Determinants of the renal concentrating mechanism. Human kidneys have two populations of nephrons, superficial and juxtamedullary. This anatomic arrangement has important bearing on the formation of urine by the countercurrent mechanism. The unique anatomy of the nephron [1] lays the groundwork for a complex yet logical physiologic arrangement that facilitates the urine concentration and dilution mechanism, leading to the formation of either concentrated or dilute urine, as appropriate to the person's needs and dictated by the plasma osmolality. After two thirds of the filtered load (180 L/d) is isotoni-cally reabsorbed in the proximal convoluted tubule, water is handled by three interrelated processes: 1) the delivery of fluid to the diluting segments; 2) the separation of solute and water (H2O) in the diluting segment; and 3) variable reabsorption of water in the collecting duct. These processes participate in the renal concentrating mechanism [2].

1. Delivery of sodium chloride (NaCl) to the diluting segments of the nephron (thick ascending limb of the loop of Henle and the distal convoluted tubule) is determined by glomerular filtration rate (GFR) and proximal tubule function.

2. Generation of medullary interstitial hypertonicity, is determined by normal functioning of the thick ascending limb of the loop of Henle, urea delivery from the medullary collecting duct, and medullary blood flow.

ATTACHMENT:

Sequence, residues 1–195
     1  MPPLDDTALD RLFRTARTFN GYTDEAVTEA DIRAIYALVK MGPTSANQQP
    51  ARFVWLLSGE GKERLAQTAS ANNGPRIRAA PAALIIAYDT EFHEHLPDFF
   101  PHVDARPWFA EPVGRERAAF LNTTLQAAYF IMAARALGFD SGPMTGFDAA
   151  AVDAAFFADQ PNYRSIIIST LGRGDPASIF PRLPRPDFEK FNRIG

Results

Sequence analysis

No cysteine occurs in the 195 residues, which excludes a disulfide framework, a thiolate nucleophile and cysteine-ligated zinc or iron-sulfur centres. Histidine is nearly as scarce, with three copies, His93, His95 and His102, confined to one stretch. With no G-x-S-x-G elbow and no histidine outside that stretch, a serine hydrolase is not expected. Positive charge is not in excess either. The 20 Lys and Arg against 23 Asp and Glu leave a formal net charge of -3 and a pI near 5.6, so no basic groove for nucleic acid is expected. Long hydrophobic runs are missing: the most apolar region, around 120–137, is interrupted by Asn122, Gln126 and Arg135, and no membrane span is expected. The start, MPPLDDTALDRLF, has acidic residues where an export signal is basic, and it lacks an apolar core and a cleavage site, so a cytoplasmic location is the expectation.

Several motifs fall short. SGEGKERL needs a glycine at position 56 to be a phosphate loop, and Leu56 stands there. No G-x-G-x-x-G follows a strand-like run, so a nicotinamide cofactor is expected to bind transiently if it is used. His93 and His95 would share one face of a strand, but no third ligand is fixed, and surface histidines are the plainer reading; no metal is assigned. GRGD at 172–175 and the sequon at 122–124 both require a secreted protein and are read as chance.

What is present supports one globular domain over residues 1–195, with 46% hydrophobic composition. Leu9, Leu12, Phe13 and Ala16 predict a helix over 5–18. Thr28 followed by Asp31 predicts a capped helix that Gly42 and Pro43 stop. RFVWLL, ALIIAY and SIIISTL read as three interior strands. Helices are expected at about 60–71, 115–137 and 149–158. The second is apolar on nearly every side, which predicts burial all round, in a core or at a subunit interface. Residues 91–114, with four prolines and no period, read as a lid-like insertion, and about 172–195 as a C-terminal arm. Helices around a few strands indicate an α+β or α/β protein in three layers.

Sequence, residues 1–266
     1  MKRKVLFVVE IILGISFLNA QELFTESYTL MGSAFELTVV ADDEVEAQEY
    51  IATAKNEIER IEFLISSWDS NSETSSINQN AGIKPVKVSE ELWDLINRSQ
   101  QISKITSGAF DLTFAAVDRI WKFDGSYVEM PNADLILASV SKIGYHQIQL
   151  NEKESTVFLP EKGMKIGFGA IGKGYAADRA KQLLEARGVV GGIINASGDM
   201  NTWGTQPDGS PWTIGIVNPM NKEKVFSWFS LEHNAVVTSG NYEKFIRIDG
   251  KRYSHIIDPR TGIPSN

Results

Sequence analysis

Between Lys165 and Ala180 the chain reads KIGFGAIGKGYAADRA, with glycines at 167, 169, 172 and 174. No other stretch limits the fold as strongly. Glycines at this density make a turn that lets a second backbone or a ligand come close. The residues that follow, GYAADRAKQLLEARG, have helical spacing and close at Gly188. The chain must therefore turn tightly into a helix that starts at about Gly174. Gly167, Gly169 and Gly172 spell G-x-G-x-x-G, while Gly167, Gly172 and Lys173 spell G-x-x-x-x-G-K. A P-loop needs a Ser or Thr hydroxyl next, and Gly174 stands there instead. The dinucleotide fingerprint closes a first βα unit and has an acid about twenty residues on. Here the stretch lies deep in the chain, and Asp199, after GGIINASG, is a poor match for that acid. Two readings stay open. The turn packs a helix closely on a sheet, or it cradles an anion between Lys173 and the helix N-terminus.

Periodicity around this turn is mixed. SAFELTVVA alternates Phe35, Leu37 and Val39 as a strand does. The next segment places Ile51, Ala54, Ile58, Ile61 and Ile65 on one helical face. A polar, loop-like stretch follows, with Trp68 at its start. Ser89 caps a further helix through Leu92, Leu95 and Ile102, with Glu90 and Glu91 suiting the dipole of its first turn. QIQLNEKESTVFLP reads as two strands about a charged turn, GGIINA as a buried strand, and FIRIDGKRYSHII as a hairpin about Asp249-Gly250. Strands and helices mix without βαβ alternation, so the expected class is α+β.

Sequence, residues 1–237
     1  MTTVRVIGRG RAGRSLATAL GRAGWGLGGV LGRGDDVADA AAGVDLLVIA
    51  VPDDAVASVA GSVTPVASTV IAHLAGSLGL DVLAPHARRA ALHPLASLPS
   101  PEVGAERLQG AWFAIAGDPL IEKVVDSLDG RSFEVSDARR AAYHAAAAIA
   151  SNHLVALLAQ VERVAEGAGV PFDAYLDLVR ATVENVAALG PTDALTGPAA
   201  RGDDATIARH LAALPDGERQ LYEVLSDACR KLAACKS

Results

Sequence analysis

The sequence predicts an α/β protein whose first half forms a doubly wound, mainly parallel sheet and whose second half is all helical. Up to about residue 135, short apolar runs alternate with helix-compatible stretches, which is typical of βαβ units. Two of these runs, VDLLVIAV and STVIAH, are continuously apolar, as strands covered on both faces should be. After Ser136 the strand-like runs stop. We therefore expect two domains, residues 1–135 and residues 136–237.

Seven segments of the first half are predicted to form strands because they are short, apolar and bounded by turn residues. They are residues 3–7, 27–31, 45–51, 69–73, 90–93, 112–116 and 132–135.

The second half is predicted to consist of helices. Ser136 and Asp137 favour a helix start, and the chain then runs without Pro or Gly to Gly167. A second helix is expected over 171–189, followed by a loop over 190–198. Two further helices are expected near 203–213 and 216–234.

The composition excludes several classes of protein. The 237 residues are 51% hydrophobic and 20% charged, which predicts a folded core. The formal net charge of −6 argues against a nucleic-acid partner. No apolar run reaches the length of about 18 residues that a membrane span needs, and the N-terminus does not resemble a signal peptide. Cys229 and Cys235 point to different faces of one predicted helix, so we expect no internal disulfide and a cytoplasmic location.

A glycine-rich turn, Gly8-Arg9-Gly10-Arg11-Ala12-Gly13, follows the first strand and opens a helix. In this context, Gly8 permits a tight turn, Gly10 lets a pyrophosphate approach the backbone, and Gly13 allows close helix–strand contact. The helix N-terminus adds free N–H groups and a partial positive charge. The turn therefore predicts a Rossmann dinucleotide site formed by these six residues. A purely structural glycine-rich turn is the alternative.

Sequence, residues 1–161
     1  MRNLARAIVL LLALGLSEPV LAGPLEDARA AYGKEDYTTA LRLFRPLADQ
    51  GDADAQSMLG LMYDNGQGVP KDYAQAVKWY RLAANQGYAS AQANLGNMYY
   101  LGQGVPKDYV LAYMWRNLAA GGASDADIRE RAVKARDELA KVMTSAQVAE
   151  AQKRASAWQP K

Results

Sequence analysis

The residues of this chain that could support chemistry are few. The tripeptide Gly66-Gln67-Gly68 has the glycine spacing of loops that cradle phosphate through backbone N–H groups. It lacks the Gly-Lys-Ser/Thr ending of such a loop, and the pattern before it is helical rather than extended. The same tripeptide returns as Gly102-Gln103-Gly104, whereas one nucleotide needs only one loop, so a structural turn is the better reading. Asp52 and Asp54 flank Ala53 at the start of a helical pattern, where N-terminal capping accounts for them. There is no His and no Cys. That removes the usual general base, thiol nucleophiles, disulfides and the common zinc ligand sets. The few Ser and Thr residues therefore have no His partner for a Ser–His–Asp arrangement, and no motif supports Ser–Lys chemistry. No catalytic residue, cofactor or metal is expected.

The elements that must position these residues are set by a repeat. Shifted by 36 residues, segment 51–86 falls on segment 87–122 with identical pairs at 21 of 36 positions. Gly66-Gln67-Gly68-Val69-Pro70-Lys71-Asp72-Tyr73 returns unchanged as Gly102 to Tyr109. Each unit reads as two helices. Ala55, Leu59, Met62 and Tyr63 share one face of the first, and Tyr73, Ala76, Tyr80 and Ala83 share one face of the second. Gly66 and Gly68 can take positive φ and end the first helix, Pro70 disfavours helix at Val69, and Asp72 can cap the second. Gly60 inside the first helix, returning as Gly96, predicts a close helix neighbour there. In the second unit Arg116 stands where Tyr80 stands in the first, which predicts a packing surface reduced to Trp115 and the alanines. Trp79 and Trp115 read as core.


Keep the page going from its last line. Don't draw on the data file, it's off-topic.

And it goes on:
3. Collecting duct permeability is determined by the presence of antidiuretic hormone (ADH) and normal anatomy of the collecting system, leading to the formation of a concentrated urine.

Determinants of the urinary dilution mechanism include 1) delivery of water to the thick ascending limb of the loop of Henle, distal convoluted tubule, and collecting system of the nephron; 2) generation of maximally hypotonic fluid in the diluting segments (ie, normal thick ascending limb of the loop of Henle and cortical diluting segment); 3) maintenance of water impermeability of the collecting system as determined by the absence of antidiuretic hormone (ADH) or its action and other antidiuretic substances. GFR—glomerular filtration rate; NaCl—sodium chloride; H2O—water.

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